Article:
Very different in its circumstances was St. Paul’s call, but resembling Samuel’s in this respect, that, when God called, he, too, promptly obeyed. When St. Paul heard the voice from heaven, he said at once, trembling and astonished, “Lord, what wilt Thou have me to do41?” This same obedient temper of his is stated or implied in the two accounts which he himself gives of his miraculous conversion. In the 22nd chapter he says, “And I said, What shall I do, Lord?” And in the 26th, after telling King Agrippa what the Divine Speaker said to him, he adds what comes to the same thing, “Whereupon, O King Agrippa, I was not disobedient unto the heavenly vision.” Such is the account given us in St. Paul’s case of that first step in God’s gracious dealings with him, which ended in his eternal salvation. “Whom He did foreknow, He also did predestinate52;”—“whom He did predestinate, them He also called”—here was the first act which took place in time—“and whom He called, them He also justified; and whom He justified, them He also glorified.” Such is the Divine series of mercies; and you see that it was prompt obedience on St. Paul’s part which carried on the first act of Divine grace into the second, which knit together the first mercy to the second. “Whom He called, them He also justified.” St. Paul was called when Christ appeared to him in the way; he was justified when Ananias came to baptize him: and it was prompt obedience which led him from his call to his baptism. “Lord, what wilt Thou have me to do?” The answer was, “Arise, and go into Damascus; and there it shall be told thee of all things which are appointed for thee to do61.” And when he came to Damascus, Ananias was sent to him by the same Lord who had appeared to him; and he reminded St. Paul of this when he came to him. The Lord had appeared for his call; the Lord appeared for his justification.
This, then, is the lesson taught us by St. Paul’s conversion, promptly to obey the call. If we do obey it, to God be the glory, for He it is works in us. If we do not obey, to ourselves be all the shame, for sin and unbelief work in us. Such being the state of the case, let us take care to act accordingly,—being exceedingly alarmed lest we should not obey God’s voice when He calls us, yet not taking praise or credit to ourselves if we do obey it. This has been the temper of all saints from the beginning—working out their salvation with fear and trembling, yet ascribing the work to Him who wrought in them to will and do of His good pleasure; obeying the call, and giving thanks to Him who calls, to Him who fulfils in them their calling. So much on the pattern afforded us by St. Paul.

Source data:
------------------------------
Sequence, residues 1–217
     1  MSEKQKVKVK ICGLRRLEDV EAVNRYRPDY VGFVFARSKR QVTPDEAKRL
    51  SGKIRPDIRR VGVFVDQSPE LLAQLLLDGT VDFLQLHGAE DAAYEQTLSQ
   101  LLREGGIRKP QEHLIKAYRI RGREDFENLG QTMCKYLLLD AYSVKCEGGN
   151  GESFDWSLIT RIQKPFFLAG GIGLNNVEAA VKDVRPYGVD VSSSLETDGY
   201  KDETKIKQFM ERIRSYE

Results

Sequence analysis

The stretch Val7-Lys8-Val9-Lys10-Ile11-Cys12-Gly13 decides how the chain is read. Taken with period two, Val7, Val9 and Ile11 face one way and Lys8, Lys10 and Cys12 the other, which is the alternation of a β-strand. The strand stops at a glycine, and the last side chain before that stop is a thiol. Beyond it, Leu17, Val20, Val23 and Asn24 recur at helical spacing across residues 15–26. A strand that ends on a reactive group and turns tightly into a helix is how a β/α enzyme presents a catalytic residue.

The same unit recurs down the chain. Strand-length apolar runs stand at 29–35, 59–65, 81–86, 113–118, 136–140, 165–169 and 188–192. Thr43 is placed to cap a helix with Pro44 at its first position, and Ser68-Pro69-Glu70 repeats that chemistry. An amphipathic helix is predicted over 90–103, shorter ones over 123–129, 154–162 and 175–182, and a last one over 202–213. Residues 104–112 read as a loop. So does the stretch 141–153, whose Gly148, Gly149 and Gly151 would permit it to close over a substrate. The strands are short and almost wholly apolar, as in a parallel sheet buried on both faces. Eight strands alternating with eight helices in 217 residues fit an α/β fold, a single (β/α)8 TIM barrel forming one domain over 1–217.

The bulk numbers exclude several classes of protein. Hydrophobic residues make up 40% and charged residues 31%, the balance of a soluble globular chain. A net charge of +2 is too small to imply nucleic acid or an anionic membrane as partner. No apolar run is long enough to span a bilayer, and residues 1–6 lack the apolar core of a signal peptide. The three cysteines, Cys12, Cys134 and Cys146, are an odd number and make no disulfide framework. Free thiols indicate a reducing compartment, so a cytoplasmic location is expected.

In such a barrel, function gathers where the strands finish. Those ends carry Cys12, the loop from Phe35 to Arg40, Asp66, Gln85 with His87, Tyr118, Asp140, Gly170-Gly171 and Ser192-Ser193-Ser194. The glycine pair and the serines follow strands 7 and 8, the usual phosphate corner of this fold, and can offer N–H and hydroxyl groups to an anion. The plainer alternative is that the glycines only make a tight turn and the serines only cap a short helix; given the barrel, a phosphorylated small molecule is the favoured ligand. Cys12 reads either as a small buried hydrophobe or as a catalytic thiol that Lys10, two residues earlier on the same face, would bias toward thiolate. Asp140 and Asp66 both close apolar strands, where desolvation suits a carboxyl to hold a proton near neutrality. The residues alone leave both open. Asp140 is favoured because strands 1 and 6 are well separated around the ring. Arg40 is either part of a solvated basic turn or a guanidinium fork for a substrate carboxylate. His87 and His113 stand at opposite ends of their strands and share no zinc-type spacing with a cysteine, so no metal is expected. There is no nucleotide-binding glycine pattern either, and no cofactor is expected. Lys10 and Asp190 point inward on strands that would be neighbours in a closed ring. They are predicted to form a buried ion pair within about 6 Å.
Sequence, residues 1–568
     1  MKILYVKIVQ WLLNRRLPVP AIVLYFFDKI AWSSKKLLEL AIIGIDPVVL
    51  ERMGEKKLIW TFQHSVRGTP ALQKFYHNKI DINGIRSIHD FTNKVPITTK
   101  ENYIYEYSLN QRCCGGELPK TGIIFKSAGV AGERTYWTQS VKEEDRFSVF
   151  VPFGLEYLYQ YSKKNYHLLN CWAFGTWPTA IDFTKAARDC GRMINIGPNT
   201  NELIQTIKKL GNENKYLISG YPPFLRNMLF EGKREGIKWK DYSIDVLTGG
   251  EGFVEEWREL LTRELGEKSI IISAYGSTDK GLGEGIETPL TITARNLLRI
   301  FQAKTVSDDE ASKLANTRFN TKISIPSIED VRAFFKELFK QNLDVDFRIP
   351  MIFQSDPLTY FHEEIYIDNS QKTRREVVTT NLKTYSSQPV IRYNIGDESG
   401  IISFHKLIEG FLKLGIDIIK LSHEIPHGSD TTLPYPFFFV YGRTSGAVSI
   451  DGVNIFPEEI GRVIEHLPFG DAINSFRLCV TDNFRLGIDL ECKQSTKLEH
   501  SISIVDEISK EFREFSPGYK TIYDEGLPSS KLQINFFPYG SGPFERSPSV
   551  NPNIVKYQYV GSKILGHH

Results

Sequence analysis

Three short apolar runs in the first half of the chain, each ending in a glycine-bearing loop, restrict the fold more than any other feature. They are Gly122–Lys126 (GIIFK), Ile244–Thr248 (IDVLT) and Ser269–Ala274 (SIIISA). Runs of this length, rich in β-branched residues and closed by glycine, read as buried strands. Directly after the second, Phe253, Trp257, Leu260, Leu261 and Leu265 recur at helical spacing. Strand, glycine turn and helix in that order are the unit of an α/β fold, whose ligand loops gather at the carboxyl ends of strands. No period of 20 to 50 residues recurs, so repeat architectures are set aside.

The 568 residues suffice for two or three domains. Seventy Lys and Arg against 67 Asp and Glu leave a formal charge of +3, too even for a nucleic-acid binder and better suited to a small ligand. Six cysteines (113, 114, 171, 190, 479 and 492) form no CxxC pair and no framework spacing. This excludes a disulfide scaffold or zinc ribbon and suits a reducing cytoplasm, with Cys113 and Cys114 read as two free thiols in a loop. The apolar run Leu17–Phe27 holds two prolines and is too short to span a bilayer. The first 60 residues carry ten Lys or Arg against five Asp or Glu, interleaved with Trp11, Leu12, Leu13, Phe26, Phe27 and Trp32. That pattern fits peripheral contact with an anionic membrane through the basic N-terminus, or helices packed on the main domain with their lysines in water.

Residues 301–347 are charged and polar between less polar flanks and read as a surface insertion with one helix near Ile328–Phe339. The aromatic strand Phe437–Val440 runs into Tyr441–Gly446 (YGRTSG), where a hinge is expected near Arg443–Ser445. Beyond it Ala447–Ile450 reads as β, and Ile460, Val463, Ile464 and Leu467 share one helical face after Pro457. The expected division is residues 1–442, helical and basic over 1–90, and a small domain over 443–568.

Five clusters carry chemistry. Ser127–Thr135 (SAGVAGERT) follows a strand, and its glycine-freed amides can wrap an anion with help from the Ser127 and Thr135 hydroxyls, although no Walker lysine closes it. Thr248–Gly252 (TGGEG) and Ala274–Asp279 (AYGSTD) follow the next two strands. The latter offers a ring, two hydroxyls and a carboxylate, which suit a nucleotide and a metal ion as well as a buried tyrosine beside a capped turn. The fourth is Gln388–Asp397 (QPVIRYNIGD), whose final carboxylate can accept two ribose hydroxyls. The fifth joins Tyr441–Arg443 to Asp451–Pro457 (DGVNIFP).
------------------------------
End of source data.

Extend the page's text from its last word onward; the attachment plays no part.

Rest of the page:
Very different in its circumstances was Samuel’s call, when a child in the temple, yet resembling St. Paul’s in this particular,—that for our instruction the circumstance of his obedience to it is brought out prominently even in the words put into his mouth by Eli in the text. Eli taught him what to say, when called by the Divine voice. Accordingly, when “the Lord came, and stood, and called as at other times, Samuel, Samuel. Then Samuel answered, Speak, Lord, for Thy servant heareth.”
Such, again, is the temper of mind expressed by holy David in the 27th Psalm, “When Thou saidst, Seek ye My face, my heart said unto Thee, Thy face, Lord, will I seek.”
And this temper, which in the above instances is illustrated in words spoken, is in the case of many other Saints in Scripture shown in word and deed; and, on the other hand, is illustrated negatively by being neglected in the case of others therein mentioned, who might have entered into life, and did not.